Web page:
A familiar sight on the wall of chemistry class, the periodic table displays the known elements in order of the number of protons in the nucleus. When Dmitri Mendeleev first proposed the table in 1869, he left gaps where the as-yet-undiscovered elements should go. This week the last four remaining elements were discovered, completing the missing gaps in the seventh valence shell and bringing the grand total of elements to 118.
The most recently discovered elements aren’t naturally occurring, but if you artificially smash together enough protons, neutrons, and electrons, then get your custom-made atom to stick around long enough to be verified, you have yourself a discovery. There’s not much practical application, but there is a little vanity bonus on the side: being the first to succeed at the experiment grants you the privilege of naming the new element, which will thenceforth be printed inside the cover of every chemistry textbook for eternity. Nerds have such simple pleasures.
About half the known elements were named according to some descriptive feature, such as their color or the minerals or chemicals they were isolated from. The last sixty years has shown a greater preference for naming new elements after famous scientists (such as Einstein or Curie) or their places of discovery. One element each is named after such illustrious locales as Europe, Poland, France, Germany, Russia, America, California… and Ytterby, a tiny village in Sweden, which gives its name to not just one, but four of the elements on the list.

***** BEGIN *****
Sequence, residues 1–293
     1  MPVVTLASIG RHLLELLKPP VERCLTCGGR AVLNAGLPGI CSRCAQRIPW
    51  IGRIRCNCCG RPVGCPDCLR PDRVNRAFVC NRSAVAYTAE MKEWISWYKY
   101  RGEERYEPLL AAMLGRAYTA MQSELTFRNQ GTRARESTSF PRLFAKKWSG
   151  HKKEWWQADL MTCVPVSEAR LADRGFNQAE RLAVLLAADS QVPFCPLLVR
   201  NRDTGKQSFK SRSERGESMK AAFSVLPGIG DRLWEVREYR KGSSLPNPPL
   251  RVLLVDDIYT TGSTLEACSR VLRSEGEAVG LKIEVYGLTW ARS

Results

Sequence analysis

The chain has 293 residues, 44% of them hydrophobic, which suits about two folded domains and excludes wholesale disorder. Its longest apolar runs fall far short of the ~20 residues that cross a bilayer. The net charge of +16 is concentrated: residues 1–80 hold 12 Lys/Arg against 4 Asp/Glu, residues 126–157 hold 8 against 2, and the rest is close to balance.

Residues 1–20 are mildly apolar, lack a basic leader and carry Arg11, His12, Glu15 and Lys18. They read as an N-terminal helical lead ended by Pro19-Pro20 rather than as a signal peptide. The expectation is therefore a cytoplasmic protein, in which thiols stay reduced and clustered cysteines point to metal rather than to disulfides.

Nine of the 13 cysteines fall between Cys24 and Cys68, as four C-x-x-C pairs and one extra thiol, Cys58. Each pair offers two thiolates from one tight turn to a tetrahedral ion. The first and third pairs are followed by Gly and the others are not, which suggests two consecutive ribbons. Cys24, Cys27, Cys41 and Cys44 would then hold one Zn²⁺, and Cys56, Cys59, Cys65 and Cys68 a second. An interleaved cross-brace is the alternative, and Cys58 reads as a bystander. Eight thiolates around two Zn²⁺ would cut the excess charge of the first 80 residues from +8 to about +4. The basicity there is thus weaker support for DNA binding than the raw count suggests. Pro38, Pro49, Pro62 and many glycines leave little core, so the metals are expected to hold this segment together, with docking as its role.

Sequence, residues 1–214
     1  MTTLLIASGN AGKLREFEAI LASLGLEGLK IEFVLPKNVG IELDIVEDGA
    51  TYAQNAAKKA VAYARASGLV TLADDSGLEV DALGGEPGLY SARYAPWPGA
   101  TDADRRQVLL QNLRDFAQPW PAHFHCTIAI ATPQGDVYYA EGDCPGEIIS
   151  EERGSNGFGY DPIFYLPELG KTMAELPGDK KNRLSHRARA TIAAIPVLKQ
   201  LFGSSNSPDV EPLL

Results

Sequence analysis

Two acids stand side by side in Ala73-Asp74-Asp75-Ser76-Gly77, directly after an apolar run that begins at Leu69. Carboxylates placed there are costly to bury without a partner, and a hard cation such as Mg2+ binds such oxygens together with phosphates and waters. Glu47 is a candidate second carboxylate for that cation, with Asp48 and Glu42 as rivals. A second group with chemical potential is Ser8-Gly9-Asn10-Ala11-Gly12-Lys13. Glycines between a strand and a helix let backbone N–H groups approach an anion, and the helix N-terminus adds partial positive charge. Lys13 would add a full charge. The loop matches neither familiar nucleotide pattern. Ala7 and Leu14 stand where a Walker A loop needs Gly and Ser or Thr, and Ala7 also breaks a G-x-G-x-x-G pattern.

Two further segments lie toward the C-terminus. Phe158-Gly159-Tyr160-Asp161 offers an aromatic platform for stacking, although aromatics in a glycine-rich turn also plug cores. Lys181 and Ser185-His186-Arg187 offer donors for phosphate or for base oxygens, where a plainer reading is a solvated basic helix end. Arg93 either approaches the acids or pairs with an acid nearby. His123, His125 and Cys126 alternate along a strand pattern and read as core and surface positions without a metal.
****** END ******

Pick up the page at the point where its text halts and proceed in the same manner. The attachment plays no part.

But there is so much more potential than that. Some elements acquired much cooler names based on some attribute the discoverer saw in them. Highlights include the Greek or Latin versions of “Lazy,” “Green Twin,” “Alien,” or even “Monk-killer.” My personal favorites are those named according to astronomy or mythology. There is one for the sun, the moon, and four of the planets. There is also one named after an Asgardian Avenger, one after a spaceship that turns up variously in the Star Trek, Stargate, and Aliens universes, one after a self-centred superhero created by Megamind, and even one named after the pesky critters that hang out in the Nashkel Mines.
So, what do you think? Do we really need four more elements named after scientists or countries, or should we insist on more imaginative alternatives with a pop culture connection? Does the fact that two out of the four unnamed elements have the atomic numbers 113 and 118 present a good opportunity for a Lucas-oriented name. Should element 117 be a tribute to Halo? How would you name them?